After running up and down the stairs at least a gazillion times last week in preparation for a move from a summer house, I noticed that I had, without trying, lost a few pounds. That's funny, I thought. I haven't gone to the gym for a week. But of course those countless trips up and down, carrying innumerable boxes full of books, pots and pans to the garage must have wiped out a few fat cells and maybe even replaced them with some muscle. As this house sale occurred 25 years after we moved in, it was obvious that moving day weight loss would be an infrequent occurrence. But I suspect that many of us encounter unexpected or random situations that, for a while at least, markedly increase our energy output. Those instances include vacations that require hours of walking around cities, gigantic flea markets, house hunting (all those stairs), house breaking a new puppy, raking leaves (over and over again), shoveling snow (repeatedly), removing winter's debris from the garden, planting, weeding, "harvesting" a summer garden, running after a child who has just started to walk and attending a conference that requires walking long distances to the meeting rooms.
A friend who volunteers at a local hospital doing transport, i.e., taking patients by wheelchair outside when they are discharged, never goes to the gym on her volunteer day. "After a day of pushing patients in wheelchairs and carrying all their possessions to the outside pick-up area, my arms feel as if I have been working out," she told me. Even moving to a neighborhood where people walk or bike instead of driving can make a difference in daily amounts of physical activity. I bumped into an acquaintance (our kids went to elementary school together) who moved into town after living in the suburbs for years. She looked trim and fit and was eager to tell me how much walking she does now. "The supermarket was a mile from my old home and in all the years I lived there, I always drove. Now the downtown supermarket is also a mile from our apartment, and I always walk. It is impossible to find a parking place."
Too often we forget that there are often many opportunities, some unavoidable, that cause us to walk long distances, run, climb many stairs, lug objects like groceries or push heavy wheeled vehicles like a wheelchair or wheelbarrow. Whether they are planned or not, these bouts of physical exertion use up calories and decrease weight just as effectively as a stint on a treadmill. Because we focus, or are told to focus, on regular exercise, we forget that there are ways of moving our bodies that do not require a gym, a physical trainer or an exercise class.
But of course, we all know people who will go to great lengths to avoid random bouts of exercise. They drive to all their errands, even to the end of their driveway to get their mail. A snow shovel is discarded in favor of snow blowers, their lawn mowers are the kind one rides on and instead of walking around with a hose to water the garden, underground sprinkler systems are installed. I was watching a show on HGTV many months ago about a couple looking for a home to buy. The woman complained to the realtor about climbing the stairs to a second floor. "I don't want to exert myself so much," she told the real estate agent. "Find me a house without stairs."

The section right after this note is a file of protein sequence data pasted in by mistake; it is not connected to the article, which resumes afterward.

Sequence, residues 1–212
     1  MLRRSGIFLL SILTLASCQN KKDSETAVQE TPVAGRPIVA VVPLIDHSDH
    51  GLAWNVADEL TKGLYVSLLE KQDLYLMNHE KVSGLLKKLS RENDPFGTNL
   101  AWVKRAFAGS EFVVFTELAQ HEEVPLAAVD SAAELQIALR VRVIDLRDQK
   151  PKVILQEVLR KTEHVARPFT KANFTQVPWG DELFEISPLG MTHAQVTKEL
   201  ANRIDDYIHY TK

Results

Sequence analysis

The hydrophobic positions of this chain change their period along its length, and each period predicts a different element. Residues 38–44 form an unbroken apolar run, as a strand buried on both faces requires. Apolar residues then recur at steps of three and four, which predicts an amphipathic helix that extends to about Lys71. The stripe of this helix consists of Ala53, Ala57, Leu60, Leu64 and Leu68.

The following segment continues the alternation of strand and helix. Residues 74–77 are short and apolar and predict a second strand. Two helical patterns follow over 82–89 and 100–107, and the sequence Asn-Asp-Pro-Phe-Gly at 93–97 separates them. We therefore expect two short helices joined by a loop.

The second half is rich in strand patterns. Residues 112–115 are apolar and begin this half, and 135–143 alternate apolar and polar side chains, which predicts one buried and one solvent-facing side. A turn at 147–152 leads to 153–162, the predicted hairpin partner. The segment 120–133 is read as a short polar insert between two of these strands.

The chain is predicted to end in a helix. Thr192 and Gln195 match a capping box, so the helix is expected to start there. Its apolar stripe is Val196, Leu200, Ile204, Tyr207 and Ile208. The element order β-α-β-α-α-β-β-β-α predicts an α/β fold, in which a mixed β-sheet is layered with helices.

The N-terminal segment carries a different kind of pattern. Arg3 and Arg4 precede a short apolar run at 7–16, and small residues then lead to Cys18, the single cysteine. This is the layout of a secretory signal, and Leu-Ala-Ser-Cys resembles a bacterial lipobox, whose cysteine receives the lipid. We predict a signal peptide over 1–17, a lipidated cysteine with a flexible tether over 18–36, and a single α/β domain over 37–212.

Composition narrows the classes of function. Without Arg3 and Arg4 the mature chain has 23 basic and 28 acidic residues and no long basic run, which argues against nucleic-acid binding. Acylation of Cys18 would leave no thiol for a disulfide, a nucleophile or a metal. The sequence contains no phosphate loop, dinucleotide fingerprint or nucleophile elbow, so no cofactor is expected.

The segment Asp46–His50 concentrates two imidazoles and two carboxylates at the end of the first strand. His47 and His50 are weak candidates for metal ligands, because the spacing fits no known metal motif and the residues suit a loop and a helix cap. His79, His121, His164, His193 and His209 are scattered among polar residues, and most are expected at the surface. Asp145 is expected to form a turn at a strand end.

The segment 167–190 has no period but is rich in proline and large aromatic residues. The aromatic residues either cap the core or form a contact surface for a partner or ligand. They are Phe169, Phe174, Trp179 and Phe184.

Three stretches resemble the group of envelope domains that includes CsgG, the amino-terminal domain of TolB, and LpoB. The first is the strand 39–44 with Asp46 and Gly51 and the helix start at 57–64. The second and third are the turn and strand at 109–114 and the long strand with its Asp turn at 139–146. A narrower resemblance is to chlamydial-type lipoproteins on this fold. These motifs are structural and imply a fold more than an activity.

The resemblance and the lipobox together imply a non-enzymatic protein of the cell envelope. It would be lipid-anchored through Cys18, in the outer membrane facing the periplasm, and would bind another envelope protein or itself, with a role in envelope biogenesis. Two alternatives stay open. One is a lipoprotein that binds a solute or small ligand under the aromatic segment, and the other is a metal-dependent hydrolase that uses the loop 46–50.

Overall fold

Today, we in this country rarely have enough time to exercise. We all know the reasons: work, long commutes, two jobs, job and school, family, travel, no extra money for health clubs and/or equipment, no safe place to walk, or the weather is too hot, cold, icy, rainy or windy. Thus, we should grab whatever opportunity we have to exercise whenever we can, whenever the opportunity presents itself.
Is the escalator in your favorite store broken? Wonderful. You can climb the steps. Were you forced to park the car far from the supermarket? Good. You can walk and if possible carry some heavy grocery bags to give your arm muscles a workout. A conference offers an early morning walk/jog for the participants? Join the group. You will be sitting the rest of the day. Put the leash on your dog and take it and you for a walk rather than letting the dog play by itself in the backyard. Your favorite charity is having a flea market sale? Go to your attic or basement and carry bags of unused stuff to your car. Your muscles may hurt but it is for a good cause (and doing so will burn off calories). Did the raccoons rip open your garbage bags? Pick up the debris doing squats (don't bend over, it will hurt your back). Your thighs may burn a bit, but will look more toned.
Of course, none of these suggestions substitutes for regular physical activity. But until that perfect, convenient time arises, look for chances to do unexpected activity whenever you can. The payoff, unexpected weight loss, is very much worth it.
For more by Judith J. Wurtman, Ph.D., click here.
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